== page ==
Both Houses of Parliament Have Adjourned until 28th October

via Both Houses of Parliament Have Adjourned until 28th October | The Zimbabwean 1 October 2014 by Veritas

BILL WATCH 36/2014

[30th September 2014]

Both Houses of Parliament Have Adjourned until 28th October

The following documents referred in this bulletin are available from the addresses given at the end of this bulletin:

• Fiscal Policy Review Statement presented on 11th September

• Monetary Policy Statement issued by the Governor of the Reserve Bank of Zimbabwe on 25th August

• Finance (No. 2) Bill, H.B.10, 2014, as passed by Parliament

• Appropriation (Supplementary) Bill, as passed by Parliament

• Supplementary Estimates of Expenditure for 2014.

Approval of Mid-Term Fiscal Policy Review Statement

The Minister of Finance and Economic Development presented his statement on 11th September [see Bill Watch 36/2014 of 22nd September]. The National Assembly debate on the statement took up most of the afternoon of Tuesday 23rd September. Debate commenced with a speech by Hon Chapfika, chairperson of the Portfolio Committee on Finance and Economic Development and included constructive contributions from Hon Biti, former Minister of Finance in the inclusive government, and several other MPs. The Minister of Finance and Economic Development responded at length, and the House then approved his motion to bring in the Finance (No. 2) Bill [see immediately below].

Passing of Finance (No. 2) Bill

Final Bill more comprehensive than Departmental Draft The Bill presented by the Minister [23 clauses] is longer than the Departmental Draft circulated previously [13 clauses]. Nine of the 10 additional clauses [clauses 15 to 23] make provision for the Tax Amnesty [see below] announced by the Minister in the Fiscal Policy Review. The tenth additional clause validates any irregular collection of special excise duty on airtime before the gazetting of the Bill as an Act [see below].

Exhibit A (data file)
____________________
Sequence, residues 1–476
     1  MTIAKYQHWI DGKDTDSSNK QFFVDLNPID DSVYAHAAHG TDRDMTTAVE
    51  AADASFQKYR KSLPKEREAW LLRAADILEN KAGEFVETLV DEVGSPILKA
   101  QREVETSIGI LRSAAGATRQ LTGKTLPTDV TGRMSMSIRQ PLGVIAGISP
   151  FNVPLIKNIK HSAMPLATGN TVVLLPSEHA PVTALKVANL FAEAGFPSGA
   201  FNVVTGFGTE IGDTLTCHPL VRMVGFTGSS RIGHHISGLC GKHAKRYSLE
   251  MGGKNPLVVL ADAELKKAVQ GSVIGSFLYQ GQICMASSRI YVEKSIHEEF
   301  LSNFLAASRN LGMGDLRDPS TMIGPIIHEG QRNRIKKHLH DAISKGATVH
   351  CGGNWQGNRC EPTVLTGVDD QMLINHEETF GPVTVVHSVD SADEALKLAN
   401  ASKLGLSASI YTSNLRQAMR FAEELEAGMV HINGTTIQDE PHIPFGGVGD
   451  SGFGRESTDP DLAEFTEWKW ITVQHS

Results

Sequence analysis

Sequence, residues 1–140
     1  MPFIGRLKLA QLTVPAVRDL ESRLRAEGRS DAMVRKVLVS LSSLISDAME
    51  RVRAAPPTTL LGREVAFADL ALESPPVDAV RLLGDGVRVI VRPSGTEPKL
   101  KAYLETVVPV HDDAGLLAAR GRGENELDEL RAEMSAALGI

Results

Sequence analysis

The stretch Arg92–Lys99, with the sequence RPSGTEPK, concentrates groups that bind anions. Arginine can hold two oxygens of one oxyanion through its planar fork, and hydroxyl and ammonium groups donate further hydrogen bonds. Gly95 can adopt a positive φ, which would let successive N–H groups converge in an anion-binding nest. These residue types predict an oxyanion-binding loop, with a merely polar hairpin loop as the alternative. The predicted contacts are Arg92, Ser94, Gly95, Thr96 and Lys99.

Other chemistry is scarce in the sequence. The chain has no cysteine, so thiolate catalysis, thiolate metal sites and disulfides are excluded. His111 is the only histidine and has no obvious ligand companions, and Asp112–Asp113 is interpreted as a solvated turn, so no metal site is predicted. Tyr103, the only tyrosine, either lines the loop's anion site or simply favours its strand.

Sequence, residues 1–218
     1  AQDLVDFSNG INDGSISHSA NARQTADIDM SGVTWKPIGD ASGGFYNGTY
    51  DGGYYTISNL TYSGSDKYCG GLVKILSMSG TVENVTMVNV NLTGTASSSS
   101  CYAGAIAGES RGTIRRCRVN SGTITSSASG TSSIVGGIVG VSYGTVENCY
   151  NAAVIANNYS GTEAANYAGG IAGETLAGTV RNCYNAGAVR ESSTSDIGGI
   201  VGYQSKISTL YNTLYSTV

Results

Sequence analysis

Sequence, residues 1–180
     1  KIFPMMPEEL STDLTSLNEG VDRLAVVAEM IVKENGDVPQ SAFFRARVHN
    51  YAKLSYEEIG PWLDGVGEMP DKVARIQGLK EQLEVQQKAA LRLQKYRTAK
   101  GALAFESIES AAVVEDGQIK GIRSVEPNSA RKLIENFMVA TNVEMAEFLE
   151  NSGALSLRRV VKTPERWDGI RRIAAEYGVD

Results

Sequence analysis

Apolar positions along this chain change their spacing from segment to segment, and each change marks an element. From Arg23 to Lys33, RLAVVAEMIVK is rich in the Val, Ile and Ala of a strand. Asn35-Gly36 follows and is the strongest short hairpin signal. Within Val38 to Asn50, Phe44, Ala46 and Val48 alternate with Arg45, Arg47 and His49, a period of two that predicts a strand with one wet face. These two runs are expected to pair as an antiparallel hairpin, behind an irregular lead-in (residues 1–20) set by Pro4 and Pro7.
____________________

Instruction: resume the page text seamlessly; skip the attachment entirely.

Passage of the BillThe Bill went through all its stages in the National Assembly on 23rd September and the Senate on 24th September. It will become law once the President has assented to it and gazetted it as an Act.

Contents The Bill is designed to bring into effect those changes to the taxation laws, proposed by the Minister in the Fiscal Policy Review, that need enactment by Act of Parliament. Other changes can be made by statutory instrument, such as the already gazetted increase in excise duty on petrol and diesel. The Minister described these revenue measures as building on existing measures in support of the productive sector and seeking to enhance revenue, curb the influx on non-essential imports and strengthen tax administration. The following notes adhere to the order in which the various topics are dealt with in the Bill.

Suspension of presumptive tax on small-scale miners [clauses 2 and 7] This is effective from 1st October. Note that the liability to this tax is suspended [not “abolished” as stated the Bill’s explanatory memorandum]. But an Act of Parliament would be needed to lift this suspension.

Withholding tax on tenders [clause 3] This clause amends section 80 of the Income Tax Act, which requires Government and statutory bodies to withhold, for the benefit of ZIMRA, 10% of amounts due to any contractor who has not produced an official tax clearance certificate for the most recent year of assessment. The duty to withhold will now apply where the aggregate of amounts due to a contractor in a year is $250 or more, rather than, as hitherto, to individual payments of that amount. The Minister explained that this is to stop evasion of tax by breaking up consignments into tranches of less than $250.